- The Washington Times - Monday, July 31, 2006

One of these days, the shock will completely wear off. That’s what Austin Kearns believes. It may take another week, perhaps a month, maybe even the rest of the season.

At some point, Kearns no longer will think of himself as the guy who got traded from Cincinnati to Washington. He just will think of himself as the Nationals’ starting right fielder.

But he’s not there quite yet.

“Each day, that’s what I’ve been telling people,” Kearns said. “Each day, I get more and more settled in. Coming into a clubhouse where you don’t know many people, you kind of need some time to feel your way around. But each day has been getting better.”

It has been more than two weeks since Kearns was included in a surprise eight-player deal between the Nationals and Reds, and there are times when the 26-year-old outfielder has to remind himself he doesn’t play for his hometown team anymore.

A native of Lexington, Ky., Kearns was living every major leaguer’s dream, playing for the team he grew up watching, hoping to spend his entire career with the same organization.

So upon learning he had been dealt — to a last-place club, of all things — he was admittedly a little stunned.

“It was a surprise,” Kearns said. “I think everybody was expecting a trade, but I hadn’t really heard my name thrown out there. But I think for any player, the first time you get traded is definitely a surprise.”

He spent his first week with the Nationals on the road, playing three games in Pittsburgh and two more in Miami (he sat one). He tried to put on a positive veneer, but inside he knew his life had been turned upside down.

Kearns had gone from a contender to a team in a self-declared rebuilding mode. Instead of playing an hour from his hometown, he was now moving to a new city with no time to look for housing or get acclimated.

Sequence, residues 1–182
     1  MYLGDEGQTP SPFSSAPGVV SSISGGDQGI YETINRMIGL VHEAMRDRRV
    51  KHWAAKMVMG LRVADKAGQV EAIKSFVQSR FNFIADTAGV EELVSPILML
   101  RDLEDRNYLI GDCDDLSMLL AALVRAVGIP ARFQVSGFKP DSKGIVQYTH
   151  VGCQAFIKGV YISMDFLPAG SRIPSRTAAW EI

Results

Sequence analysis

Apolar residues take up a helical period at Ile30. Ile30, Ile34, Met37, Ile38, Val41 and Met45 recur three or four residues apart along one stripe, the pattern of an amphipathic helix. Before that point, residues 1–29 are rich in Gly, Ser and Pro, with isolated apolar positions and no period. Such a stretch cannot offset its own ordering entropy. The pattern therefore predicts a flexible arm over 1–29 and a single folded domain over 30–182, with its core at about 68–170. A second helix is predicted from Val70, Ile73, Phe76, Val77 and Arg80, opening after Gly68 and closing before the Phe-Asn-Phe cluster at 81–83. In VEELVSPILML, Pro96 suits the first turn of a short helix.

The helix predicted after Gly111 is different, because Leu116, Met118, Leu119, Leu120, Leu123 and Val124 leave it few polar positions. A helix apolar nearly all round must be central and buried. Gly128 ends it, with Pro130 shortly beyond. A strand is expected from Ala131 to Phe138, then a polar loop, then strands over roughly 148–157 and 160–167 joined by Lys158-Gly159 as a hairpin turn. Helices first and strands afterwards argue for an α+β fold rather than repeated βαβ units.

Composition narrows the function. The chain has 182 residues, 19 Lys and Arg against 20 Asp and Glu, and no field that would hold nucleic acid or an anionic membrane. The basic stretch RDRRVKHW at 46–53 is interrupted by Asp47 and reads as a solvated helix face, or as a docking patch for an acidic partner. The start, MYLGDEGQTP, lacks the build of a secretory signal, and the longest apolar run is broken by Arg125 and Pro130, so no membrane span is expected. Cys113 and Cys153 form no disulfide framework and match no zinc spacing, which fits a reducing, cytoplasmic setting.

Back in Lexington, Kearns’ wife, Abby, faced the challenge of packing up her husband’s belongings and finding a place for him to live in Washington, all the while taking care of their 10-month old son, Aubrey.

With all that on his mind, he got off to a horrible start with his new team: 2-for-17, no RBI.

These weren’t exactly the happiest days of his life, a fact Kearns made clear to his best friend on the Reds, fellow outfielder Adam Dunn, during their regular phone conversations in the week following the trade.

Dunn relayed the frequency and nature of their phone calls to the Dayton Daily News.

“Every day, every stinking day,” he told the paper. “And he tells me every day how miserable he is in Washington.”

Kearns insists that is not the case.

“I’ve talked to Adam a lot. There’s no miserable,” he said. “I just told him that it’s different being on a new team. I am by no means miserable. I’m happy here. I look at this trade as happening for a reason. This could be the best thing that’s ever happened to me.”

Kearns has felt more and more like that over the last week. He finally got to see Washington firsthand, got to move into his new apartment and got to see his wife and son during the Nationals’ last homestand. He still hasn’t unpacked all those boxes, but at least he knows where he will be sleeping every night for the rest of the season.

And as he has become more comfortable in his new surroundings, he has become more comfortable on the playing field. Following that 2-for-17 start to his Nationals career, Kearns hit .368 (7-for-19) with four RBI during his first RFK Stadium homestand.

He’s slowly but surely opening up to his new teammates as well. He’s still soft-spoken, preferring to take a cautious approach with the rest of the guys in the clubhouse, but he’s making strides and is starting to feel like an integral part of this ballclub.

The Nationals are banking on him seizing the opportunity, establishing himself as a primary piece to the franchise’s long-term plans. Kearns isn’t ready to think that far ahead. He’s just waiting for that day when he feels completely comfortable among this group of strangers.

It may take a week. It may take a month. It may take longer. One way or another, Kearns knows it will happen.

“I don’t think it will take long,” he said. “I’m easy to get along with. I like to have fun. I look forward to the future here.”

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